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Patterson raises constitutional issues

BY Sarah smithssmith@parkrapidsenterprise.com [[{"type":"media","view_mode":"media_large","fid":"1235649","attributes":{"alt":"","class":"media-image","height":"360","typeof":"foaf:Image","width":"480"}}]] A medical marijuana case making its way ...

BY Sarah smithssmith@parkrapidsenterprise.com
A medical marijuana case making its way to trial in Hubbard County is about equal rights, the defense insists. Why can the residents of Colorado provide medical marijuana to sick persons while the residents of Minnesota cannot, David Patterson posits. Patterson’s legal trouble is for allegedly providing medicinal marijuana oil to critically ill friends, he claims. Because of construction in the courthouse, especially to the main courtroom, Patterson won’t go on trial the week of Oct. 28 like Judge Paul Rasmussen announced Monday. There is no jury room, and no private place to discuss questions that might arise during trial, Hubbard County Attorney Don Dearstyne said Wednesday. Trial is more likely to occur in November. Patterson’s argument is that his constitutional rights to assist critically ill people, now that limited use of marijuana oil went into effect Aug. 1, has been denied him. “Defendant argues that his true, individual civil rights, like all other peoples’ rights are unjustly infringed upon, if not entirely taken…” his omnibus brief states. Who’s who Patterson is defending himself in the case, but has asked attorney Frank Bibeau to sit as co-counsel. Judge Paul Rasmussen has taken a hard line in the case, insisting that both men are not to speak over each other, much less take turns questioning the same witness at trial. Monday’s court appearance was a free-for-all that challenged court rules and decorum. Patterson vocally argued that his chance to a fair trial, by keeping his lips zipped, is in danger and an immediately appealable case. Rasmussen ordered that he and Bibeau split up the workload and the witnesses, so they could not gang up on any one witness in the case. “The recent history of medical marijuana in Minnesota proves that the way state law undercuts people’s civil rights was clearly demonstrated when the Governor was allowing law enforcement to decide the people’s elected Legislature’s outcome on marijuana laws, when law enforcement has a clear, conflict of interest to maintain the slush-fund-like revenue under the color of state law,” Patterson’s brief states. Bibeau said he’s aware of three cases currently being litigated in the state as to the constitutionality of marijuana possession for medicinal use. Dearstyne, too, is taking a hard line, saying he’s prosecuting Patterson because in January, when the Laporte man was arrested, marijuana possession was still illegal. “Gov. Dayton told parents in March during the session, he understood that various forms have significant medical value for otherwise untreatable ailments and was sympathetic to them going on the street in violation of state laws to obtain their remedies,” Patterson’s brief states. “Gov. Dayton did shortly after, politically flip-flop and apologize for what defendant argues is stating the obvious, marijuana isn’t really a crime but a medicinal, and that we all have inalienable rights which include an inherent right of every human to help others who are suffering, and in defense and health of others, enable them to access the Creator’s gifts for healing and reducing suffering,” Patterson’s brief continues. Dearstyne refuses to discuss the case publicly, saying it should be decided in a courtroom, not a newspaper. He does point out that Patterson is not a licensed marijuana dealer under the newly adopted Minnesota law and should be prosecuted as a criminal. Flocking to Colorado Patterson’s brief claims hundreds of children and parents have uprooted their lives and are “flocking to (the) Rocky Mountain State in search of a non-psychotic cannabis medicine. “Here, Minnesota’s state laws are being selectively applied in an arbitrary and capricious manner, so as to prevent some people from exercising their religious practices of helping the suffering with the Creator’s medicine, which here violates defendant’s First Amendment right of the separation of church and state,” Patterson’s brief notes. Under Minnesota’s law, persons with “qualifying conditions,” such as cancer, glaucoma, AIDS, Tourette’s syndrome amyotrophic lateral sclerosis, epilepsy, severe and persistent muscle spasms, Crohn’s disease or those with a life expectancy under one year experiencing pain and nausea may qualify for use of medical marijuana. “The commissioner of health has the authority to add qualifying conditions but the legislature may veto any addition,” the law states. Patterson seizes on this section as “Minnesota applying double (multiple) standards like the kettle calling the pot black (or green),” Patterson’s brief argues. Patterson maintains it’s not for the state to decide “who may benefit medically and who will be punished” for furnishing marijuana; that it is unjust for a state like Colorado to legalize possession of marijuana while another state punishes possession. “Any further prosecutions for marijuana or cannabis are unjust, inequitable in the totality of the circumstances and consequently violates individual civil rights retained by the people and which restrain certain government abuses of life equal protection and equal rights…” Patterson’s brief states. Because the federal government has patented a form of cannabis oil, it understands the medicinal use of the drug and is licensing it for use to several entities to profit from, Patterson claims. But that denies equal protection to others like him, he maintains. Patterson also asserts he has no prior record of drug offenses; the state begs to differ. The Enterprise has twice reported what turns up on a state search of Patterson’s criminal records – that he was fined $50 for possession of a Schedule 4 controlled substance on Jan. 5, 1990. Patterson said this simply isn’t true and has called the paper numerous times to argue his point, but the newspaper could not reconcile the two sides of the story. Patterson says he is not a convicted felon, nor has he ever been convicted of a felony. The current criminal complaint also notes that Patterson was in possession of five firearms, which would be illegal for a convicted felon. Again, Patterson argues that he is not a convicted felon and he can legally possess guns. He admitted that he failed to license the guns twice, so the charges for such an infraction were legally filed. The newspaper asked Dearstyne to review the public record and the county attorney agreed that Patterson was convicted previously of the controlled substance crime, at least according to what the public record stated. Patterson vehemently denies it. He admitted he’s no choir boy and has had run-ins with the law in the past, but he’s never been convicted of a felony drug possession in the past. Trial now is tentatively set for November if construction moves ahead.  BY Sarah smithssmith@parkrapidsenterprise.com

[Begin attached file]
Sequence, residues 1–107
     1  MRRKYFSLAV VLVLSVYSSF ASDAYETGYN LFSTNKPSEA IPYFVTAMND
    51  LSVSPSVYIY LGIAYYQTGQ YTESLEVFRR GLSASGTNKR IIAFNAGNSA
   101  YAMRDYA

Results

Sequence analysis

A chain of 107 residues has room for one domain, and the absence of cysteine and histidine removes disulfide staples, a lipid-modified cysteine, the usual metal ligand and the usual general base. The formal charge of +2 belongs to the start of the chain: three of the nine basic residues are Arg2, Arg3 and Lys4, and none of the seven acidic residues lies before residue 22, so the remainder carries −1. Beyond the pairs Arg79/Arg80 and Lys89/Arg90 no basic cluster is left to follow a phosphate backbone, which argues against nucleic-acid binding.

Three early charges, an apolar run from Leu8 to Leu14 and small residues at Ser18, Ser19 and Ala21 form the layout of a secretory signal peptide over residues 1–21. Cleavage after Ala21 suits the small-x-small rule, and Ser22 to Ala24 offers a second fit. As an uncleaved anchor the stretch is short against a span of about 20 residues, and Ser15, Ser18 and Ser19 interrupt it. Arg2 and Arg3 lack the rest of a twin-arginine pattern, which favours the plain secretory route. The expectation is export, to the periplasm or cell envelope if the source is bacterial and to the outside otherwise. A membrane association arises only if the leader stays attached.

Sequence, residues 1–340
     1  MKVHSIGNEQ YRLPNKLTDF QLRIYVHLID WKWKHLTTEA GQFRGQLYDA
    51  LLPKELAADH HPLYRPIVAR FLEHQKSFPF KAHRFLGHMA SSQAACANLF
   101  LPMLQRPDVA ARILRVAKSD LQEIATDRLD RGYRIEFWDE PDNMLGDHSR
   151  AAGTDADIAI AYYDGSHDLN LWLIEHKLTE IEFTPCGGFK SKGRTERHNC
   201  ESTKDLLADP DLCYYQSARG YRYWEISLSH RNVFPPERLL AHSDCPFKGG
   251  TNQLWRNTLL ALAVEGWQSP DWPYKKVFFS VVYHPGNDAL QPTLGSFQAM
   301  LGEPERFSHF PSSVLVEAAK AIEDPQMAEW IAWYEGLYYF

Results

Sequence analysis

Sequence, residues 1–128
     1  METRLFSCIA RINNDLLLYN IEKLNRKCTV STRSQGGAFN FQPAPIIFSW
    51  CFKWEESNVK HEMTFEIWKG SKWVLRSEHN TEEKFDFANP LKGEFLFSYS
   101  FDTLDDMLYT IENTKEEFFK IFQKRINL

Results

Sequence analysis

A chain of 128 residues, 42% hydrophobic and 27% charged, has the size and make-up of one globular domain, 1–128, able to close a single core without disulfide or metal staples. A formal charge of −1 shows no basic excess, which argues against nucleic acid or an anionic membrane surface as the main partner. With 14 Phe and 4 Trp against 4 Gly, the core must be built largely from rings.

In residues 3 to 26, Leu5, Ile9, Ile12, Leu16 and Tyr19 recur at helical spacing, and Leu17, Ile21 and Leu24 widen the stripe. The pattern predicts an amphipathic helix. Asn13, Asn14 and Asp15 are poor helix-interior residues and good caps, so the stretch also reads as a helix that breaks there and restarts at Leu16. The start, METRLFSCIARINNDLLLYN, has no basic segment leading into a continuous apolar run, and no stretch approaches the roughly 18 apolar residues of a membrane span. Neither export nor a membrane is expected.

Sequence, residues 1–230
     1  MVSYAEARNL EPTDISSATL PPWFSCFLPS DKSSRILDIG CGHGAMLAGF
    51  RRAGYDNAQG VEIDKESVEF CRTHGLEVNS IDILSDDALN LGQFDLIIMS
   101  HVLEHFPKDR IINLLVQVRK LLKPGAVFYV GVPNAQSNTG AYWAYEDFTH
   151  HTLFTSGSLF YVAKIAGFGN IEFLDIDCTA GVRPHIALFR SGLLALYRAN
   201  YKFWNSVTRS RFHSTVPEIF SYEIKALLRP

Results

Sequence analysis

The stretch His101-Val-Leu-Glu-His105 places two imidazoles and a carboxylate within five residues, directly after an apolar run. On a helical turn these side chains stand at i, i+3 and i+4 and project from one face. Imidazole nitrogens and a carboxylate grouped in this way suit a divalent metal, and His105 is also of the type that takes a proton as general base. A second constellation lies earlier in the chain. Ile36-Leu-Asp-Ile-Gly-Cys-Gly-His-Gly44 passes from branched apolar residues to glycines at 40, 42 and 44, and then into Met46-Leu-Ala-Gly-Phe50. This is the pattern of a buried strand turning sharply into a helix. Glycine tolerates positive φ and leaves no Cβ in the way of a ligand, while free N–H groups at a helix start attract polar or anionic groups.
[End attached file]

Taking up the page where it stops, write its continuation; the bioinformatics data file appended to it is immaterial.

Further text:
A medical marijuana case making its way to trial in Hubbard County is about equal rights, the defense insists.Why can the residents of Colorado provide medical marijuana to sick persons while the residents of Minnesota cannot, David Patterson posits.Patterson’s legal trouble is for allegedly providing medicinal marijuana oil to critically ill friends, he claims.Because of construction in the courthouse, especially to the main courtroom, Patterson won’t go on trial the week of Oct. 28 like Judge Paul Rasmussen announced Monday.There is no jury room, and no private place to discuss questions that might arise during trial, Hubbard County Attorney Don Dearstyne said Wednesday.Trial is more likely to occur in November.Patterson’s argument is that his constitutional rights to assist critically ill people, now that limited use of marijuana oil went into effect Aug. 1, has been denied him.“Defendant argues that his true, individual civil rights, like all other peoples’ rights are unjustly infringed upon, if not entirely taken…” his omnibus brief states.Who’s whoPatterson is defending himself in the case, but has asked attorney Frank Bibeau to sit as co-counsel.Judge Paul Rasmussen has taken a hard line in the case, insisting that both men are not to speak over each other, much less take turns questioning the same witness at trial.Monday’s court appearance was a free-for-all that challenged court rules and decorum.Patterson vocally argued that his chance to a fair trial, by keeping his lips zipped, is in danger and an immediately appealable case.Rasmussen ordered that he and Bibeau split up the workload and the witnesses, so they could not gang up on any one witness in the case.“The recent history of medical marijuana in Minnesota proves that the way state law undercuts people’s civil rights was clearly demonstrated when the Governor was allowing law enforcement to decide the people’s elected Legislature’s outcome on marijuana laws, when law enforcement has a clear, conflict of interest to maintain the slush-fund-like revenue under the color of state law,” Patterson’s brief states.Bibeau said he’s aware of three cases currently being litigated in the state as to the constitutionality of marijuana possession for medicinal use.Dearstyne, too, is taking a hard line, saying he’s prosecuting Patterson because in January, when the Laporte man was arrested, marijuana possession was still illegal.“Gov. Dayton told parents in March during the session, he understood that various forms have significant medical value for otherwise untreatable ailments and was sympathetic to them going on the street in violation of state laws to obtain their remedies,” Patterson’s brief states.“Gov. Dayton did shortly after, politically flip-flop and apologize for what defendant argues is stating the obvious, marijuana isn’t really a crime but a medicinal, and that we all have inalienable rights which include an inherent right of every human to help others who are suffering, and in defense and health of others, enable them to access the Creator’s gifts for healing and reducing suffering,” Patterson’s brief continues.Dearstyne refuses to discuss the case publicly, saying it should be decided in a courtroom, not a newspaper. He does point out that Patterson is not a licensed marijuana dealer under the newly adopted Minnesota law and should be prosecuted as a criminal.Flocking to ColoradoPatterson’s brief claims hundreds of children and parents have uprooted their lives and are “flocking to (the) Rocky Mountain State in search of a non-psychotic cannabis medicine.“Here, Minnesota’s state laws are being selectively applied in an arbitrary and capricious manner, so as to prevent some people from exercising their religious practices of helping the suffering with the Creator’s medicine, which here violates defendant’s First Amendment right of the separation of church and state,” Patterson’s brief notes.Under Minnesota’s law, persons with “qualifying conditions,” such as cancer, glaucoma, AIDS, Tourette’s syndrome amyotrophic lateral sclerosis, epilepsy, severe and persistent muscle spasms, Crohn’s disease or those with a life expectancy under one year experiencing pain and nausea may qualify for use of medical marijuana.“The commissioner of health has the authority to add qualifying conditions but the legislature may veto any addition,” the law states.Patterson seizes on this section as “Minnesota applying double (multiple) standards like the kettle calling the pot black (or green),” Patterson’s brief argues.Patterson maintains it’s not for the state to decide “who may benefit medically and who will be punished” for furnishing marijuana; that it is unjust for a state like Colorado to legalize possession of marijuana while another state punishes possession.“Any further prosecutions for marijuana or cannabis are unjust, inequitable in the totality of the circumstances and consequently violates individual civil rights retained by the people and which restrain certain government abuses of life equal protection and equal rights…” Patterson’s brief states.Because the federal government has patented a form of cannabis oil, it understands the medicinal use of the drug and is licensing it for use to several entities to profit from, Patterson claims.But that denies equal protection to others like him, he maintains.Patterson also asserts he has no prior record of drug offenses; the state begs to differ.The Enterprise has twice reported what turns up on a state search of Patterson’s criminal records – that he was fined $50 for possession of a Schedule 4 controlled substance on Jan. 5, 1990.Patterson said this simply isn’t true and has called the paper numerous times to argue his point, but the newspaper could not reconcile the two sides of the story.Patterson says he is not a convicted felon, nor has he ever been convicted of a felony.The current criminal complaint also notes that Patterson was in possession of five firearms, which would be illegal for a convicted felon.Again, Patterson argues that he is not a convicted felon and he can legally possess guns. He admitted that he failed to license the guns twice, so the charges for such an infraction were legally filed.The newspaper asked Dearstyne to review the public record and the county attorney agreed that Patterson was convicted previously of the controlled substance crime, at least according to what the public record stated.Patterson vehemently denies it.He admitted he’s no choir boy and has had run-ins with the law in the past, but he’s never been convicted of a felony drug possession in the past.Trial now is tentatively set for November if construction moves ahead.